Programme 2018 - 2019


All talks start at 7.30 pm (doors open 7 pm) on the 2nd Wednesday of the month at The Roman Way Community Centre, 36, Roman Way, Market Harborough, LE16 7PQ.

Additionally, a Summer Outing takes place in June each year. The Society also organises a full day Local History Seminar - The History Day -  on a Saturday in October each year,  at The Roman Way Community Centre.

To download this handy tri-fold printable copy of the program in .pdf format please click here

Summer Break

Sep 12th 2018


Bob Trubshaw

The Gargoyles and Faces of Leicestershire

The churches of Leicestershire inside and out are bejewelled with hundreds of stone faces and carvings. Sadly they are rarely noticed. Bob Trubshaw leads a project to systematically study them and create a photographic archive. He has published many books on such Leicestershire curiosities, a naïve art form from the middle ages, which repays attention.  He will open our eyes to what can be found in the county if only we looked.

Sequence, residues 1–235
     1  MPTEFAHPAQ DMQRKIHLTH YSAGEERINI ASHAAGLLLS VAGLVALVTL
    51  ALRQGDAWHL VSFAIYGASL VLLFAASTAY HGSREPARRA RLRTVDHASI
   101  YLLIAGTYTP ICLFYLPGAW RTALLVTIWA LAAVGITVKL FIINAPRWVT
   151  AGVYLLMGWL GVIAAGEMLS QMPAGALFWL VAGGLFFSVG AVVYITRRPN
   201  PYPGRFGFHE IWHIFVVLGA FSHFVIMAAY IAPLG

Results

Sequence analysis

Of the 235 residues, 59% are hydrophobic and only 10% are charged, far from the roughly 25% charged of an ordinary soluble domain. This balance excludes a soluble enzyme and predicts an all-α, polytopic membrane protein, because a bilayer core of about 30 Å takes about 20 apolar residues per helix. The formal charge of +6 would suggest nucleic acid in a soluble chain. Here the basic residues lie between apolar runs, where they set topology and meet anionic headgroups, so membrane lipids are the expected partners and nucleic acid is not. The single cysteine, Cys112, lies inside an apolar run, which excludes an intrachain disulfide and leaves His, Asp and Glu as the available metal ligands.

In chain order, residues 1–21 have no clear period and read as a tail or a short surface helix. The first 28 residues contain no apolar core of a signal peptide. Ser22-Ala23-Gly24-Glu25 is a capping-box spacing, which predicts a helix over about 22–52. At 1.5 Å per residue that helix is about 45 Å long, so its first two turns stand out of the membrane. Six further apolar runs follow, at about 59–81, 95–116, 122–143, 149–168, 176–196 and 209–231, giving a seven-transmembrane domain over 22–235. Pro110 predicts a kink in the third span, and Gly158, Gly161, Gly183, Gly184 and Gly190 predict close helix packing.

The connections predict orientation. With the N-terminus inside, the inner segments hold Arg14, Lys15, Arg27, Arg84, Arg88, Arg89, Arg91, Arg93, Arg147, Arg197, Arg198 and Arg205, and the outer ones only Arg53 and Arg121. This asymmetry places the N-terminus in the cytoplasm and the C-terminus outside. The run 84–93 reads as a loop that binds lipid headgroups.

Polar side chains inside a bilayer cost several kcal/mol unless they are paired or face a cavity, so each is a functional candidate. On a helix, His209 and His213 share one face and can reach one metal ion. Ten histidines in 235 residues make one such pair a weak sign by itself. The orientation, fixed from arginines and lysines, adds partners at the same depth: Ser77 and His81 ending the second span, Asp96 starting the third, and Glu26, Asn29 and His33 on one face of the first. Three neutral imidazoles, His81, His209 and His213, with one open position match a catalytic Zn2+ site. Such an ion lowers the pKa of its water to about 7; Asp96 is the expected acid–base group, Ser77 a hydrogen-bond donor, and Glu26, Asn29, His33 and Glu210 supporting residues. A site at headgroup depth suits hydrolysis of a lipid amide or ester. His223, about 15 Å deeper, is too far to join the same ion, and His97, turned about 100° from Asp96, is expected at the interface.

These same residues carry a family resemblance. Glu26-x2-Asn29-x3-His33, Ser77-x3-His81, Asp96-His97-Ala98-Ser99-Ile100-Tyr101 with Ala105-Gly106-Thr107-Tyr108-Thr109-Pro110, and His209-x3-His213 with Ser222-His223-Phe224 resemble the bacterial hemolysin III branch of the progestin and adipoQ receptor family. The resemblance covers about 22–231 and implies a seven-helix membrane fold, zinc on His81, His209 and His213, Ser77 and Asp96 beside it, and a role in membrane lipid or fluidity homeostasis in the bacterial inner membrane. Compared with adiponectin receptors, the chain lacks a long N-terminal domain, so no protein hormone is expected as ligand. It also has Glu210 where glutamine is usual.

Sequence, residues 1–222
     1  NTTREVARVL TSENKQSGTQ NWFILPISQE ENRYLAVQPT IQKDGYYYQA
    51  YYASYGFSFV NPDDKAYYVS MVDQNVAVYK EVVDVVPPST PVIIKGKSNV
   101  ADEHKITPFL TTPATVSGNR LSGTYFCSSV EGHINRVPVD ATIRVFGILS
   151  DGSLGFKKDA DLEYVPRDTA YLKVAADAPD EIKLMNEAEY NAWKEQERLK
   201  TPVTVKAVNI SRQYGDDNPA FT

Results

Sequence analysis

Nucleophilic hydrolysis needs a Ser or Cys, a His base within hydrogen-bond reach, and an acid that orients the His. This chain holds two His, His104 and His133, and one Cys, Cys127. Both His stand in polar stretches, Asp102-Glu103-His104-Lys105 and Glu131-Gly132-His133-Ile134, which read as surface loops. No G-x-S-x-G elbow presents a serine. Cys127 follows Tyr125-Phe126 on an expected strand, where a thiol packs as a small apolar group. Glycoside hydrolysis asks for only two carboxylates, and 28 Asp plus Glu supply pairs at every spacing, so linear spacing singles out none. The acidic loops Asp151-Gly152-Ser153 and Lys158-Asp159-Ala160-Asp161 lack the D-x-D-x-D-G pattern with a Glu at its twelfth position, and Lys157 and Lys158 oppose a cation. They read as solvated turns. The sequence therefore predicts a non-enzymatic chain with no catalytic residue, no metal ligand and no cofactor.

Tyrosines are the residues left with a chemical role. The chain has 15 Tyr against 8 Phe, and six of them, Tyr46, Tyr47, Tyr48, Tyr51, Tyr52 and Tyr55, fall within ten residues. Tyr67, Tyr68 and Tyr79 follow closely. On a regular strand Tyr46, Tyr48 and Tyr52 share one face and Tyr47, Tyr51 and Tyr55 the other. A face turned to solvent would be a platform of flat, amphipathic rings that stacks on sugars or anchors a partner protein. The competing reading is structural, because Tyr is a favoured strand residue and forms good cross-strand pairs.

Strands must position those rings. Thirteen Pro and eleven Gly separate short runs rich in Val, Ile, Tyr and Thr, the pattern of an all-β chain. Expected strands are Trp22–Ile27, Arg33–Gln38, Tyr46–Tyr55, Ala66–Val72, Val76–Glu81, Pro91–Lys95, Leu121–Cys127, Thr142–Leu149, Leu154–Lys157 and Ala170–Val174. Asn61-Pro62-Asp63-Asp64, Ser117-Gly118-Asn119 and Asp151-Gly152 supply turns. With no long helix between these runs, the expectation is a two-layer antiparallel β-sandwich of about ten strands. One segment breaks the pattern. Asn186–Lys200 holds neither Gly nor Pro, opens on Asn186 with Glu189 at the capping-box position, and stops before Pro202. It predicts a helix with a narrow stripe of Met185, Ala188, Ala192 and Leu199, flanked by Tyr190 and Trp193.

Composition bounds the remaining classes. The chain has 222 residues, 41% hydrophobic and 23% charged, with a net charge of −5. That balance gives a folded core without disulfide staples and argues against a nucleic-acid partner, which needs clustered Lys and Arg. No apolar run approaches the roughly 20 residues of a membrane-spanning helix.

Oct 10th 2018

Sarah Wilson

Flag Fen

Flag Fen, on the outskirts of Peterborough is at the junction of the land with the low lying Fens.  Here in the early 1980s was discovered a bronze age causeway since subject to much archaeological study and re-construction.  It shares the same prehistoric landscape with the recent discoveries of the platform settlement at Must Farm near Whittlesey.  Sarah Wilson is the archaeologist at Flag Fen.  She can tell us about the discoveries and their significance, as well as their conservation and about the careful reconstruction of the Bronze Age landscape. Flag Fen has enabled an understanding and appreciation of the life in the Bronze Age


Saturday 27th October

History Day

Great Achievers of the Harborough Area

All day event, (Ticket-only all day event £15) includes buffet lunch & refreshments

Nov 14th 2018


Denis Kenyon with Rosalind Willatts

The end of the Great War in Market Harborough and the building of the Cottage Hospital